opinion Watching Four Corners’ expose last night on claimed Chinese electronic attacks targeting Australian companies was, shall we say, an ‘entertaining’ experience.
Cute graphical effects such as screen-shaking and electronic noise were spliced into the program in between shots of security consultants watching Google Earth zoom into certain global locations. And of course, there were plenty of international experts with doom and gloom quotes describing an epic war between East and West, played out in cyberspace.
The music was a well-mixed blend of frenetic electronica mixed with the sort of ominous overtones most people would associate with Frodo approaching Mordor, the one true ring clutched fearfully in one clenched fist.
However, those who have spent any time at all working as a systems administrator or security expert will know that cyber-security is a much more boring line of work than Four Corners would have you believe.
Regardless of this, the show succeeded in its mission of bringing attention to the issue of cyber-espionage with the troubling news that someone has been targeting major Australian mining giants Rio Tinto, BHP Billiton and Fortescue — during sensitive times in their corporate history. It’s a troubling situation — and after speaking to someone in a position to know, Delimiter has confidence that Four Corner’s contention that the Federal Government is deeply interested in the issue is true.
However, there are a couple of matters that are worth raising as a consequence of this report.
Firstly, it was a recurring theme throughout Four Corners’ report that none of its sources could definitely pin the so-called “cyber attacks” to any one source. The program repeatedly asked its on-the-record sources whether they could in the end identify the source of recent attacks — be they towards Australian companies or even the targets of other recent attacks such as the Dalai Llama.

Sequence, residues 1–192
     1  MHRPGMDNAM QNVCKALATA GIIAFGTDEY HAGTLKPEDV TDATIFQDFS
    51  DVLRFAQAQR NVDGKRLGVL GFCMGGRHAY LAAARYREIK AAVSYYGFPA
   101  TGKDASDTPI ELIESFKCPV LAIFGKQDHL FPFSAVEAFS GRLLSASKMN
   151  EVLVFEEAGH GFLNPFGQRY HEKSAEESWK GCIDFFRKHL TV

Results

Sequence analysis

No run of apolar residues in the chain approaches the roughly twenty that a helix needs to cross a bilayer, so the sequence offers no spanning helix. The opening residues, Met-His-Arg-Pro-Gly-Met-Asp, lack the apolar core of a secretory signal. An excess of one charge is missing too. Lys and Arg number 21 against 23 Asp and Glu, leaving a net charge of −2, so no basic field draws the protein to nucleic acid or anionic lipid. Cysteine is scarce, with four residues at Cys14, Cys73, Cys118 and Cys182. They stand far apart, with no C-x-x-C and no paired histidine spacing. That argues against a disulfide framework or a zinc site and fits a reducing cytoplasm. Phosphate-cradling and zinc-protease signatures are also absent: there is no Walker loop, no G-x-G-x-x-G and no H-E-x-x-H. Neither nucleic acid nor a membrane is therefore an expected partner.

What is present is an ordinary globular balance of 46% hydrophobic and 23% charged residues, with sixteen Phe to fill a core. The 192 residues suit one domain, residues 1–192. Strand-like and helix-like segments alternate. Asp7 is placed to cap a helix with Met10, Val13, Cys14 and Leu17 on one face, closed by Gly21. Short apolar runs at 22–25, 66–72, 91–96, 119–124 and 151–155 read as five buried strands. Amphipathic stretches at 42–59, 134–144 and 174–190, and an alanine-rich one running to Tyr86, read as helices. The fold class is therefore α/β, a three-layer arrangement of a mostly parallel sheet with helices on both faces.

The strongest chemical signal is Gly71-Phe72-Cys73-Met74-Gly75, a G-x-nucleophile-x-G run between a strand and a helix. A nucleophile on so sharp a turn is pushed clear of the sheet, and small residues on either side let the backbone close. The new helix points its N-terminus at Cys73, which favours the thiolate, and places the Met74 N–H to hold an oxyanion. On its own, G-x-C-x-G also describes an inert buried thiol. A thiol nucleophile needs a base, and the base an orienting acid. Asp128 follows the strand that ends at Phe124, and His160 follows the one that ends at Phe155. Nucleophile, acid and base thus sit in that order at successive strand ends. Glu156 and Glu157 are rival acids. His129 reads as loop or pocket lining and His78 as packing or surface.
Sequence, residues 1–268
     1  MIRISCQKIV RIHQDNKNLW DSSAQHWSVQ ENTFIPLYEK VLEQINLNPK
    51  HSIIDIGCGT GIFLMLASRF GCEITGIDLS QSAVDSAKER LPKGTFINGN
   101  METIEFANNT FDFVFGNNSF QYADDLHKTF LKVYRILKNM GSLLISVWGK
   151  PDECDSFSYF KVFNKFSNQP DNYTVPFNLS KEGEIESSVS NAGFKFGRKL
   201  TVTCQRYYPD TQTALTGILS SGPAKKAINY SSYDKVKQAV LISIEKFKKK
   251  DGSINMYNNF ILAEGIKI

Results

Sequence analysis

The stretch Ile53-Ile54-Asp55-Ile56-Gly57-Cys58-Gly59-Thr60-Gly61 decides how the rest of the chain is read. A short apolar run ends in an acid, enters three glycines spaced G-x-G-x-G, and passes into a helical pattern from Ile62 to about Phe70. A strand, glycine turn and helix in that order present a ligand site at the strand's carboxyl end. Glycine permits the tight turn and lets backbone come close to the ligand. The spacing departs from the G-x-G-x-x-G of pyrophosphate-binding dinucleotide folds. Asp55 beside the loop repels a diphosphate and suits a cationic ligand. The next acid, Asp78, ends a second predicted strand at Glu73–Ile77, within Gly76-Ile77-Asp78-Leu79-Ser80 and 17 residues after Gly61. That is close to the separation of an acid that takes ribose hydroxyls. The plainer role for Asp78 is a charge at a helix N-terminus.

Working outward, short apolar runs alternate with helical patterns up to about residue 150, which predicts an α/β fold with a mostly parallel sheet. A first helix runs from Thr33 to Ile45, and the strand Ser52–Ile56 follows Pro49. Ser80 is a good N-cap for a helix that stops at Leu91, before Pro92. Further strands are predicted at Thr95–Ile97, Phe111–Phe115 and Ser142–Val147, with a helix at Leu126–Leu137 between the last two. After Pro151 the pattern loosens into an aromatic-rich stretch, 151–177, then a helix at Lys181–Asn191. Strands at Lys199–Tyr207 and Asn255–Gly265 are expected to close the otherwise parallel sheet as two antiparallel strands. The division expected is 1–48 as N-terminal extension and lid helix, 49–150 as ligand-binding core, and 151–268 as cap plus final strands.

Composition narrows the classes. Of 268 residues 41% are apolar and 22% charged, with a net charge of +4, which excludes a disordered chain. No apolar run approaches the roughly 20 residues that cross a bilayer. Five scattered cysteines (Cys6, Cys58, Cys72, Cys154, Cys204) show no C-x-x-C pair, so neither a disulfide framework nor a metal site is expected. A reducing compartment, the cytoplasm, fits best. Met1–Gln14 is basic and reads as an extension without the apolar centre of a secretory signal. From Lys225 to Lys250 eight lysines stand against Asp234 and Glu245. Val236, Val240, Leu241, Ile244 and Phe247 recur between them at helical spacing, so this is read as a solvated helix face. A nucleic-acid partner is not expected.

None could, apart from to name the geographical location of the attacks as originating in China (which you can do by IP address).
In this context, the unspoken allegation throughout Four Corners’ program that the attacks have been an act of cyber-espionage conducted on a national level rather than the unrelated actions of a bunch of script-kiddies using cheap Chinese servers needs further investigation
As any security expert will admit, it is child’s play to use compromised computer servers in any particular country to attack any point on the globe — no matter where you are personally located. For all the security experts interviewed on the Four Corners report admitted, the attacks could have come from Lithuania.
Secondly, technically adept readers would have cringed repeatedly during the report at Four Corners’ use of the words “cyber-attack”.
There are many kinds of internet security threat, after all. There are distributed denial of service (DDoS) attacks, which aim to disrupt network infrastructure through traffic floods. There are spear-phishing attacks, which attempt to gather sensitive information through installing rogue software on certain individuals’ machines.
And there are even more traditional virus attacks where malware is spread en-masse through email, websites, instant messages and … the list goes on.
Although Four Corners had direct access to former senior executives from the Australian mining giants being targeted, it did not go into detail about the nature of the attacks on the companies, as it should have.
There’s an argument to be made that to go into technical detail would have run the risk of alienating the mass audience for Four Corners’ program. However, the difficulty is that several types of “cyber-attack” are not actually aimed at stealing corporate information and therefore cannot truly be judged as espionage.